Despite being in an industry that hasn’t been as affected as many others during the coronavirus pandemic, many managed service providers (MSPs) have still had to rely on government financial relief programmes.
However, the majority have managed to keep the same number of staff on, and have adapted their products and packages as a result of coronavirus in a bid to support customers who have been struggling.

EE Complete 500th New 4G Mobile Site for UK Emergency Network

EE Complete 500th New 4G Mobile Site for UK Emergency Network

Mobile operator EE (BT) has today confirmed that they’ve just completed the build of their 500th new mobile site, located in Glencoe (Scotland), as part of their contract to roll-out a new 4G based Emergency Services Network (ESN). This is on top of the 19,000 existing sites that have already been upgraded for the ESN

UK Home Office dishes out contracts to 999 control room vendors after wasting cash on network tech it abandoned

UK Home Office dishes out contracts to 999 control room vendors after wasting cash on network tech it abandoned

Capita’s contract to hook up emergency services control rooms under the UK’s troubled Emergency Services Network (ESN) is being renewed for £6.5m without competition.
The outsourcer has become the latest in a list of control system software suppliers to win the Home Office’s favour without having to fight it out against rivals over contracts that could total £32.5m

Vast majority may ‘never go back’ to the office

Vast majority may ‘never go back’ to the office

Working from home has been a positive experience for many employees, survey found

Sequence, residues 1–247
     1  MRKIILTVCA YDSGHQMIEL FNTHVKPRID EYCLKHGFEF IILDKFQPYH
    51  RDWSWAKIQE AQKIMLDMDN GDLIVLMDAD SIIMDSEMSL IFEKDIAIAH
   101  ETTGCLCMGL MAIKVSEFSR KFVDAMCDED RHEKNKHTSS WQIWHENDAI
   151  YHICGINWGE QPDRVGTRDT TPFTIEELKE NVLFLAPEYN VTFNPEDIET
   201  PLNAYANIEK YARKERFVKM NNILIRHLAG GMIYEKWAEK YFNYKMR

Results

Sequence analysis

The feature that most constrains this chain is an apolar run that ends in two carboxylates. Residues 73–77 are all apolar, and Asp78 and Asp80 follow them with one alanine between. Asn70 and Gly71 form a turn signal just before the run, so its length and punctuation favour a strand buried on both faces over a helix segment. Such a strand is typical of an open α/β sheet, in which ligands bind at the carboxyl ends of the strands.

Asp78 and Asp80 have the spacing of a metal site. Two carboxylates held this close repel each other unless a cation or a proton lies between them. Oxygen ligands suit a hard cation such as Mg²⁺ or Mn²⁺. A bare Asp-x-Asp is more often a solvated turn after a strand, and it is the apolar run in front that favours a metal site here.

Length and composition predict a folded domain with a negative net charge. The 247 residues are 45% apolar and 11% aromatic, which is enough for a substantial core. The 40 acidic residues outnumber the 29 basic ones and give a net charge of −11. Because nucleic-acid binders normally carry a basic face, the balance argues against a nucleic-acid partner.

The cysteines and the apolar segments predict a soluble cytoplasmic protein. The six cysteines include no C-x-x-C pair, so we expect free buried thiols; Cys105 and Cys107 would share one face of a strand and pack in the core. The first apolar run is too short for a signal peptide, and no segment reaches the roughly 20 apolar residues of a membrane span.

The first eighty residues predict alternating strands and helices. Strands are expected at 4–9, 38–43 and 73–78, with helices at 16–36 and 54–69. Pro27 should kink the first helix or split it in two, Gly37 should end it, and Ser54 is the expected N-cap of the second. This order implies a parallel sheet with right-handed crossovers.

Remote working has been touted for a number of years as an avenue to increasing employee engagement, improving work-life balance and attracting millennial talent, but not many could have predicted the extent to which people have embraced the home office in recent months.

According to a survey of TechRadar Pro and ITProPortal readers, the vast majority of workers (80.6%) would consider going remote on a permanent basis, never returning to the traditional office.

Even more remarkable, despite the fact that 33.8% of respondents described remote working as challenging, almost three quarters (73.5%) of this sub-group said they would consider making a permanent switch regardless.

Government publishes metadata standards

Government publishes metadata standards

The Government’s Data Standards Authority (DSA) has published a collection of metadata standards for the sharing and publication of data.

It throws the emphasis onto the use of open standards including the Dublin Core schema for sharing across government and schema.org Dataset schema for publication, along with CSV on the Web (CSVW) for CSV files.